Melanoma cells stained with PTRF (in red), RPA194 (in green) and nucleus stained in blue. RPA194 is the main subunit of the RNA polymerase I (POL 1) enzyme. Our lab discovered a first-in-class small molecule that inhibits POL 1 enzyme and causes the destruction of RPA194 protein. Here, we are investigating how these proteins are regulated by the new molecule in the cancer cells. This may allow us to understand the value of targeting RNA POL 1 in cancer, and support its development as a novel therapeutic strategy for cancer patients.

Jin-Yih’s work is featured on our new JHM.Fundamentals Instagram account, which showcases basic science images from students and faculty members at Johns Hopkins. Do you have cool images to share? Submit them here!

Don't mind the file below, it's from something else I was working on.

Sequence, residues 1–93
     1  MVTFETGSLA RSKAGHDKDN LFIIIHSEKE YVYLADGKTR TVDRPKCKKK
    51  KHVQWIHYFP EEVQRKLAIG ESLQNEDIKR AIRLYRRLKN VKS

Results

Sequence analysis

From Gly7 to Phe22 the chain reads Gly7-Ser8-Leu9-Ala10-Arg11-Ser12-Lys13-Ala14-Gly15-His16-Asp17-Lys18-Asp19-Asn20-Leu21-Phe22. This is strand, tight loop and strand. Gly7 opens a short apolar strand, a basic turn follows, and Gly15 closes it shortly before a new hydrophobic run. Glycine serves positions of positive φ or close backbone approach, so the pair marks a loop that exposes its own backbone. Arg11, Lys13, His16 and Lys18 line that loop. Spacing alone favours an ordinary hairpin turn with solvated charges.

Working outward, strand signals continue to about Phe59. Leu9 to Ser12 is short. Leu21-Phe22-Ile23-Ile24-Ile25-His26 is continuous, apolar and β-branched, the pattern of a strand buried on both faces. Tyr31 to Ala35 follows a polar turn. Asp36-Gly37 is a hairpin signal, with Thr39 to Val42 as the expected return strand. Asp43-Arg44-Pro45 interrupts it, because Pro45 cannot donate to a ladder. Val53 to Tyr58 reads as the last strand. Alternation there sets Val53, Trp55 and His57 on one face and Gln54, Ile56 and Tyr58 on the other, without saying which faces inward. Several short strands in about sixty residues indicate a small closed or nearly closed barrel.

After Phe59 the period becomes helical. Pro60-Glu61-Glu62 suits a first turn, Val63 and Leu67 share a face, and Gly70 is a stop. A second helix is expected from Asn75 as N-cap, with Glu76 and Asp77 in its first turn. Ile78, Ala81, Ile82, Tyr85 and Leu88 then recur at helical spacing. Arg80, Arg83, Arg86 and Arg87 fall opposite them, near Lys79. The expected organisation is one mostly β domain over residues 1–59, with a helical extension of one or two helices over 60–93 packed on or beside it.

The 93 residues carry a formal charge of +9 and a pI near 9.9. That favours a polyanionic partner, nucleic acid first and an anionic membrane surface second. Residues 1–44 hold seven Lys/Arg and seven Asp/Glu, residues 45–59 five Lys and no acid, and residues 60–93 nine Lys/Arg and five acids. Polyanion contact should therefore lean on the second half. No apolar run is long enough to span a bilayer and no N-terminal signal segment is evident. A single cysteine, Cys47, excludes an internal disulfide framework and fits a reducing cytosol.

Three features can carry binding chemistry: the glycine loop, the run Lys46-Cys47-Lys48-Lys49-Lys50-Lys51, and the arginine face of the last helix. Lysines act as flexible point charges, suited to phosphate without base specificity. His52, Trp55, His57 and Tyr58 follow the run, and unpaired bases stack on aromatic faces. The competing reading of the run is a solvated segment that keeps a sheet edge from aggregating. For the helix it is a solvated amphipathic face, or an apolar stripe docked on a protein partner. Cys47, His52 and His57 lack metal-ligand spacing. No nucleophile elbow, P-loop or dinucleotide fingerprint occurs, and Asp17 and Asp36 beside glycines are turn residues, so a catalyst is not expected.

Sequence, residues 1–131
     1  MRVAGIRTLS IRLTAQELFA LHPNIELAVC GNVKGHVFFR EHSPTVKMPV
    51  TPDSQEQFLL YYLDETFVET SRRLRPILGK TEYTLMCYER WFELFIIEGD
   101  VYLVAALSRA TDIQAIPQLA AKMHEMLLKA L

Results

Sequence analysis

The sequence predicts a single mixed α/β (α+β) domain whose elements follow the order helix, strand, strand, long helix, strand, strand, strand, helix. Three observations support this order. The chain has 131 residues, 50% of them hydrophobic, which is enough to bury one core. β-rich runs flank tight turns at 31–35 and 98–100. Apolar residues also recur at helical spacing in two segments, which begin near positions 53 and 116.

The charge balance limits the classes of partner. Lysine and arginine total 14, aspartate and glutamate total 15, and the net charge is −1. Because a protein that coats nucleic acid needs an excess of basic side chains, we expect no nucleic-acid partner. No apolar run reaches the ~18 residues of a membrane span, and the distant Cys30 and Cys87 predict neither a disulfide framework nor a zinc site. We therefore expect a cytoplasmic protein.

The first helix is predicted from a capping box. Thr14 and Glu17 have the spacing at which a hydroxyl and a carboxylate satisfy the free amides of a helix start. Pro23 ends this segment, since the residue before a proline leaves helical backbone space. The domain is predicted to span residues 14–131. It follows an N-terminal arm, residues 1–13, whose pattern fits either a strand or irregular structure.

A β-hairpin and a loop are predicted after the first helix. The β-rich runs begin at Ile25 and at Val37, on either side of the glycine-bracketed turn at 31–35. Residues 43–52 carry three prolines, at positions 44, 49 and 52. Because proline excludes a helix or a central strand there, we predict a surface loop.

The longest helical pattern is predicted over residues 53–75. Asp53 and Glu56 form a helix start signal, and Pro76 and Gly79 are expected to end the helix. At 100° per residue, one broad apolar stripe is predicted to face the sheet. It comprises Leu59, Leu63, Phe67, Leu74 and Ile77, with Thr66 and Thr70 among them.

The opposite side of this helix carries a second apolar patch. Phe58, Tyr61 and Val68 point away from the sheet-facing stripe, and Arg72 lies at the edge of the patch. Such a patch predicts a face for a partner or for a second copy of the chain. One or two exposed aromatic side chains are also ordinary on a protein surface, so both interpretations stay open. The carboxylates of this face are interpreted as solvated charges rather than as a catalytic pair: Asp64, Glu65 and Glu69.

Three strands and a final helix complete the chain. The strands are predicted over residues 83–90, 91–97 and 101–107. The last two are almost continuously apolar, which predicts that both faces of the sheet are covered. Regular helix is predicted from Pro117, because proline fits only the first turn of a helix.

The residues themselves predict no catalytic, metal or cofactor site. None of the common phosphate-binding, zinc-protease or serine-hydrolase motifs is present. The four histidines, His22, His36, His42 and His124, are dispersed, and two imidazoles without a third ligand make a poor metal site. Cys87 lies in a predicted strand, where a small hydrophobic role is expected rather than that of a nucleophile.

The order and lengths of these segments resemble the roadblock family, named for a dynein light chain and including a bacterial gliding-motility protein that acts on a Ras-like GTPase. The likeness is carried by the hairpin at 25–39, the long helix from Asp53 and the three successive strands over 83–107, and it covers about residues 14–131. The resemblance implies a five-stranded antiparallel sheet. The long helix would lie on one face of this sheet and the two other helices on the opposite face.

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The colorful world of cancer drug discovery. Melanoma is the most deadly form of skin cancer, with nearly 9,000 deaths reported each year. That is why finding a treatment that can target these cells has become the focus of Nick Low’s postdoctoral work. Through his research, Low found ways to throw a wrench in melanoma’s cellular machinery. His lab discovered a small molecule that destroys the enzyme that allows these cancer cells to turn their DNA into proteins, called RNA Polymerase (shown in green). By investigating how these cellular processes are regulated by the new molecule in the cancer cells, Low hopes to understand the value of targeting RNA Polymerase in cancer and support its development as a novel therapeutic strategy for cancer patients. Read more on this research at our Biomedical Odyssey Blog. Link in bio. #JHMFundamentals #Science #BasicScience #biology #InstaBiology #Research #BasicResearch #Medicine #fluorescence #scienceisbeatutiful #sciart #microphotography #cancer #melanoma #skincancer

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